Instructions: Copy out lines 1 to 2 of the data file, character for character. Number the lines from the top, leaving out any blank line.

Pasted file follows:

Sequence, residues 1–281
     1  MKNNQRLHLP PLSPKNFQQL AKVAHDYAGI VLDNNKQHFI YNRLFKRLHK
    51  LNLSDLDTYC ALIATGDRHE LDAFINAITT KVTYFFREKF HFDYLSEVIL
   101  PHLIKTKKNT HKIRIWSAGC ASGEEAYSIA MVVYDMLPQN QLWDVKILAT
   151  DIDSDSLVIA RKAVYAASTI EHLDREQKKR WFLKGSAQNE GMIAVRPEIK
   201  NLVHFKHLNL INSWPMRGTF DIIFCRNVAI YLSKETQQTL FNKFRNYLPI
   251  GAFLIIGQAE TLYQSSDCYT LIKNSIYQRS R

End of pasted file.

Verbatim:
Sequence, residues 1–281
     1  MKNNQRLHLP PLSPKNFQQL AKVAHDYAGI VLDNNKQHFI YNRLFKRLHK